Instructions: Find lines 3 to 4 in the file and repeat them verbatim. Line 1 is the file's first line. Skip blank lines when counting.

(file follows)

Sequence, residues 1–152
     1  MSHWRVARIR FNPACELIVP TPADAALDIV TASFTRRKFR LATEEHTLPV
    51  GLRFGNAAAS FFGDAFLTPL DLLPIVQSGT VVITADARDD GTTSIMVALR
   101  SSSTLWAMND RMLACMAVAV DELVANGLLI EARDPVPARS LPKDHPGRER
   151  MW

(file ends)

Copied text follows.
    51  GLRFGNAAAS FFGDAFLTPL DLLPIVQSGT VVITADARDD GTTSIMVALR
   101  SSSTLWAMND RMLACMAVAV DELVANGLLI EARDPVPARS LPKDHPGRER